The drummer Jack DeJohnette has recorded with all the jazz superheroes of the last half century – Miles Davis, John Coltrane, Sonny Rollins, and Keith Jarrett, to name a few. He was recently named a Jazz Master by the National Endowment for the Arts, recognizing a lifetime of contributions to the field.
So he's a drum legend. But DeJohnette tells Studio 360 that what he really wanted to do was play piano. Inspired by Fats Domino, he'd begun a promising career as a pianist in the Chicago clubs when he heard Ahmad Jamal's 1958 album But Not for Me. DeJohnette was entranced by the drummer Vernell Fournier, who had a particular way of handling brushes. "He had an impeccable touch," DeJohnette remembers, "a deep sense of swing and of the use of time and space. He wasn't flashy but played with purpose." DeJohnette went out and bought a set of brushes, not owning any drums yet, and started practicing on an album cover.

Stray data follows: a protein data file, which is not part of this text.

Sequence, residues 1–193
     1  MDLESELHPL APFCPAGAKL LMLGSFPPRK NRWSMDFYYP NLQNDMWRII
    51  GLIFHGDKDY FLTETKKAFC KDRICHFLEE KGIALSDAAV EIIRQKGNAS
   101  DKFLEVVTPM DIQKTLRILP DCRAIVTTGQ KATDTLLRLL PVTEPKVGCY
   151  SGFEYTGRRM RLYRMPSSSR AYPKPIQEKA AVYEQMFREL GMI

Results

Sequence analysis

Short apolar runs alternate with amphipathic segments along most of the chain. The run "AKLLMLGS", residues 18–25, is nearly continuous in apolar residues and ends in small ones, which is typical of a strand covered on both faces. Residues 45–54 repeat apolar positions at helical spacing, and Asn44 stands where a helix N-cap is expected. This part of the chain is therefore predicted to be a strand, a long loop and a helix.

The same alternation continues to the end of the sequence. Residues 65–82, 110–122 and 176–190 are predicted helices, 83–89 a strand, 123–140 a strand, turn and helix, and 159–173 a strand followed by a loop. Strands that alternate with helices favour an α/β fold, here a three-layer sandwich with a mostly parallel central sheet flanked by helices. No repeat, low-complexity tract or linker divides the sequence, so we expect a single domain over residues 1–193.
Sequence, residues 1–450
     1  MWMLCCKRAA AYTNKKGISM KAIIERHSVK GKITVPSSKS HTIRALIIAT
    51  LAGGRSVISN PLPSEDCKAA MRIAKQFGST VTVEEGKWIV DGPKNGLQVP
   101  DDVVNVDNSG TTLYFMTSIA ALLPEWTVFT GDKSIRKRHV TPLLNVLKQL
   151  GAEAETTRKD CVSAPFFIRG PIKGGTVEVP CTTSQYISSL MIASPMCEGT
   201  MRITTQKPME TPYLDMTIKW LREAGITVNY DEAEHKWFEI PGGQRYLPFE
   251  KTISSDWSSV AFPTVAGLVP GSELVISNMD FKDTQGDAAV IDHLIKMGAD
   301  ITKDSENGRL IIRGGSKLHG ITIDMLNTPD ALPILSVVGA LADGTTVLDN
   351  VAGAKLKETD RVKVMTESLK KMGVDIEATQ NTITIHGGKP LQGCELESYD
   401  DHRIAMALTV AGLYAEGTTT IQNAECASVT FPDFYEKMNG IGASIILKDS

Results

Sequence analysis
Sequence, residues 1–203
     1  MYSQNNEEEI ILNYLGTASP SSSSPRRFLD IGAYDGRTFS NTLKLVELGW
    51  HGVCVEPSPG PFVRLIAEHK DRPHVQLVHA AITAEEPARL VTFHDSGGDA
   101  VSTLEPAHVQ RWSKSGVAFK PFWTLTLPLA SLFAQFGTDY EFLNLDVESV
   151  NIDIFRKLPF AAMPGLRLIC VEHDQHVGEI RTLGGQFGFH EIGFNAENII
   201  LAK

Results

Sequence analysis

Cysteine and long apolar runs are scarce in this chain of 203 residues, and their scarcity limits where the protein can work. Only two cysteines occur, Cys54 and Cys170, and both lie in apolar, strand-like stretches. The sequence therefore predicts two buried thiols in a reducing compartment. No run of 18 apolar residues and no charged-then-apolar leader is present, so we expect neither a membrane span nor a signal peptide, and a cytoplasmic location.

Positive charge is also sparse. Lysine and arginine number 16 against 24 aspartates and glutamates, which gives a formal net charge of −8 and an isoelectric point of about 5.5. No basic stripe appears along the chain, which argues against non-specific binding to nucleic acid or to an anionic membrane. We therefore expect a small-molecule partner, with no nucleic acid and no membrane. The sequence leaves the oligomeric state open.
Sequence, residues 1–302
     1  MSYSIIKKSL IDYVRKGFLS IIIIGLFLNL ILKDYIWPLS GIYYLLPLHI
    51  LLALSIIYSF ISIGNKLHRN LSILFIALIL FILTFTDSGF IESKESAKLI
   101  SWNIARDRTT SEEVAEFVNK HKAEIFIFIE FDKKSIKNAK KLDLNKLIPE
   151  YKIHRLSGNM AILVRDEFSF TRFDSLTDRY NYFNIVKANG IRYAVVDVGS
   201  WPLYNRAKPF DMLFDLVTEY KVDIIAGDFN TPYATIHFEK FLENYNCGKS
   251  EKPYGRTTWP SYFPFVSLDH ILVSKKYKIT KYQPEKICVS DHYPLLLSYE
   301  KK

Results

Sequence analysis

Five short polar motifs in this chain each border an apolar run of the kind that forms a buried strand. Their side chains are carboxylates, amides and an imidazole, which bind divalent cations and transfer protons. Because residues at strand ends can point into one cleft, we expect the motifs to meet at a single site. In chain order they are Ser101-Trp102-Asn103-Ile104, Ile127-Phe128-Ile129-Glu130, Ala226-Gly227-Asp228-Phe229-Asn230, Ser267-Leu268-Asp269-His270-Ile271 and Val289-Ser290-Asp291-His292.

Then one night, John Coltrane's drummer Elvin Jones left the gig early, and DeJohnette was asked to sit in. "And it hit me, clearly, like a bolt of lightning: drums is going to be what I'm going to do. This is going to be my instrument."
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Video: Vernell Fournier performs with Ahmad Jamal
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